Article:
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Crosby Named NHL's Second Star of the Week

Ho hum.

Justin K. Aller

After collecting two goals and eight points in his last three games, Pittsburgh's Sidney Crosby was named the NHL's second star of the week.

As Pittsburgh went 3-0-0 to move its record to an Eastern Conference-leading 7-1-0 on the year, Crosby earned his second-straight Three Stars honor after taking third star the week prior.

From the NHL,

Crosby extended his season-opening point streak to a career-long eight games, leading the NHL with six assists and eight points as the Penguins remained atop the Metropolitan Division with a trio of victories.

He opened the week by assisting on all three of Pittsburgh's goals in a 3-2 triumph over the Edmonton Oilers Oct. 15, his 36th career game with three or more helpers. Crosby then notched one goal and one assist in a 4-1 win over the Philadelphia Flyers Oct. 17 and registered 1-2-3 in a 4-3 shootout victory over the Vancouver Canucks Oct. 19.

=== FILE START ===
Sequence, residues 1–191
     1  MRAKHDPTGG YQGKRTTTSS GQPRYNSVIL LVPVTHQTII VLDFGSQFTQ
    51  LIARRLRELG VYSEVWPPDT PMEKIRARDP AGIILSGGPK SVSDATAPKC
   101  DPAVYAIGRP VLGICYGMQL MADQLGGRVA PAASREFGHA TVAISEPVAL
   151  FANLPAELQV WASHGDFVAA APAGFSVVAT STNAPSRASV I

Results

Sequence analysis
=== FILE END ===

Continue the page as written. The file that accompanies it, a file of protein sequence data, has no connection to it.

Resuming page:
The 26-year-old native of Cole Harbour, N.S., has five multi-point efforts through his first eight games of the season and leads the League with 17 points, while ranking tied for first in goals (7) and assists (10).

Detroit G Jonas Gustavsson and San Jose forward Patrick Marleau were the first and third stars of the week, respectively.

In Pittsburgh, last year's Hart Trophy runner-up is off to the best start of his career, posting a league-leading 17 points through eight games. He has points in each game this season and scored two or more points in five of those contests.

Crosby's 2.125 points per game pace is unsustainable. His career pace hovers near a still-silly 1.43 average. Nonetheless, you can't discount what he and his linemates have done so far.

Crosby, Chris Kunitz and Pascal Dupuis have been the NHL's most dominant even-strength line early on, scoring at a torrid pace while the team's forward depth is otherwise felled by injury.

It's an act these three have put on in years past, and the early returns are making their recent contract extensions—a combined 18 years and $131 million over the last two summers—look very wise indeed.